He’s a busy guy. And me is a busy gal. Together we have three kids we share. Errr.. We are still married.
The modern urban couple
It’s no big surprise that we have what has come to be identified as a very urban, white-collar marriage. His work involves a lot of travel, an almost equivalent amount of stress and yes, enough money to make it all seem worthwhile. We live in a gated community with an eye-wateringly high rental but enough friends and amenities to keep us and the kids occupied. The kids go to top-notch, difficult-to-get-into schools – because at this stage of our lives, anything that comes easily is not really worth the effort.
That includes parenting. Which for some reason had also come to become a larger part of my job description than my husband’s. In the beginning, there was one main breadwinner and there was one (mostly) main parenting partner. So as long as the moolah flowed in, I was responsible for everything from healthy home cooked meals, vaccination schedules, school admissions and submissions to all the intermediate jingbang, like entertaining relatives and friends, keeping track of birthdays and anniversaries and ensuring that the ‘house was a home’ – blah!
It was a semi good arrangement which was dull, dull, dull and left us both resenting each other’s perceived ‘freedoms’. Going out and earning a living unimpeded by constant potty crises and school projects involving toilet paper rolls, endless play dating and birthday party gifting – how difficult could that be? Sitting at home with two maids on hand and WhatsApping car pool groups and lunch ladies – how much easier could life get?
Then epiphany struck
Well, life got much easier quite accidentally. When one person in this almost equal relationship decided to expand her scope of duties. You see, when you end up having two (then) kids, you realise that you have control over: squat! The to-do list is never-ending and there is no way that you can please two bleating babes, completely and satisfactorily – ever. And that realisation is pretty darned liberating. And that’s when I decided to stop being the parent in charge and start writing about being one.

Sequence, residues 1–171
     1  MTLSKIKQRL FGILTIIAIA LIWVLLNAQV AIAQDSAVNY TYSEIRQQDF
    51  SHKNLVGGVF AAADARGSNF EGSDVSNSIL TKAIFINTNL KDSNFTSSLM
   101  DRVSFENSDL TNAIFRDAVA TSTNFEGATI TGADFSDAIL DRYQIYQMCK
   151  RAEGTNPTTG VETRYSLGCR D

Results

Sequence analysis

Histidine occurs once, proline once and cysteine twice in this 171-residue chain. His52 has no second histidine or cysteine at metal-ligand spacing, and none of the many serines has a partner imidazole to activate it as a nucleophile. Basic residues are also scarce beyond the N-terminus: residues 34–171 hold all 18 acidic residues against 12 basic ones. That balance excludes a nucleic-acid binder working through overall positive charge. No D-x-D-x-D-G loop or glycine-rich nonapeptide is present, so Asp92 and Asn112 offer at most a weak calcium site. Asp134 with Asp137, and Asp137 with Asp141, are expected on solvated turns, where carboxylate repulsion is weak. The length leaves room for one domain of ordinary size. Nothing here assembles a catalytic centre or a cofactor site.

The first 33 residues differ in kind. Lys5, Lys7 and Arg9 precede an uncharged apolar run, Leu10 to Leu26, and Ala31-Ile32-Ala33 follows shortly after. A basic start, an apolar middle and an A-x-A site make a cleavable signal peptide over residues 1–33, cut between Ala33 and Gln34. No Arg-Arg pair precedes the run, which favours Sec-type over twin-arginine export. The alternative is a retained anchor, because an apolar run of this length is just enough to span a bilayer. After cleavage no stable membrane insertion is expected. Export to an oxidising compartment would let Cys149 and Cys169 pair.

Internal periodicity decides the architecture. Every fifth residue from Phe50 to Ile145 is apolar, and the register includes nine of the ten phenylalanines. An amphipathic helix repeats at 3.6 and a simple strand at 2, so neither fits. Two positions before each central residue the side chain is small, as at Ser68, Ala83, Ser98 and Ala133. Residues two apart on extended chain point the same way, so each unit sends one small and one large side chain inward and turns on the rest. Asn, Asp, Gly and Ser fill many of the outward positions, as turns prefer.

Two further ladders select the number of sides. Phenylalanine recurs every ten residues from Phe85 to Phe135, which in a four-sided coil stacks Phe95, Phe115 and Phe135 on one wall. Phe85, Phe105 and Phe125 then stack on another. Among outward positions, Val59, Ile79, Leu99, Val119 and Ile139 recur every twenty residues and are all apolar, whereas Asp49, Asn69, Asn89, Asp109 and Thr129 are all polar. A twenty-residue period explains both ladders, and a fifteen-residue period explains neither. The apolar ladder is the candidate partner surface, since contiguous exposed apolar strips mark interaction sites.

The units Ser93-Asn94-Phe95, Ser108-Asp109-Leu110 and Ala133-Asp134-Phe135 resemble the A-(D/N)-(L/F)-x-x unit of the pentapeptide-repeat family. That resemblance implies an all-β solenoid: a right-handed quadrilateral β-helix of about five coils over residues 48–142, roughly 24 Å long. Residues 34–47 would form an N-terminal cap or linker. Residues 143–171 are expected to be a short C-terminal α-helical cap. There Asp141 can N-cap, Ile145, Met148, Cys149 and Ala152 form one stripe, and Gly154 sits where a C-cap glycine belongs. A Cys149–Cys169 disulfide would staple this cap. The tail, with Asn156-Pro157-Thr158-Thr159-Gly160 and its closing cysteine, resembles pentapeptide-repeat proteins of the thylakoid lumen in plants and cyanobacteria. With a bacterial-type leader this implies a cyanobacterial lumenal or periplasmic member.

No set rules or roles
Soon enough, my new interest started growing into a ‘venture’ and my ‘benign neglect’ parenting style since has reaped rewards that I hadn’t expected. And I’m not even talking about the kids here (who are doing quite alright, for the record). The relationship between my spouse and me has never been more amiable, for lack of a better word.
The battle lines are long smudged over. Neither of us assumes that the other will be there to cover up for our presence/absence – even though most of the time we ensure that it doesn’t happen. Ironically, there is now more room for breathing space, when the duties and expectations aren’t neatly divided. I drop a ball and he drops a bat, and usually life still is all a-ok. One incident stands out among others. It was when we were moving to Dubai. Band baaja and 2 little kids. We needed to get their admissions done before we moved. So, given our division of labour, it meant that I did all the necessary processing for said admissions. However, what (at that time) pregnant me did not realise was that school admissions means interviews – in another city, not to mention country.
When one drops the ball…
So I did the research, filled forms and paid registration fees, etc. and happily thought that the job was done and ticked it all off from my to-do list. It was only when the school called to schedule an interview that I realised that I couldn’t travel, as I was 9 months pregnant. So the spouse was called to handle it. He went about it happily though! He did have to reschedule his calendar a bit and no, he didn’t miss the exciting chance to roll his eyes at me before he left.
But the real fun started when I started getting labour pains when he was in Dubai for the interview. What were we to do? So I just told him to finish the damn interview and come back to me as soon as he could. I couldn’t tell him to leave the interview and run, could I? As the bacha would be born anyhow but admissions couldn’t wait! Fortunately, they were back before anything could happen and I did manage to hold on. My c-sec happened when my family was back in India and the husband was firmly beside me. Everything panned out fine.
Our lives and relationships are not meant to be silos and compartments of rules and roles. Once we get out of the finagles of what we think is the right way to work out the rules of a relationship – is when a relationship truly takes wings, and learns to soar on its own!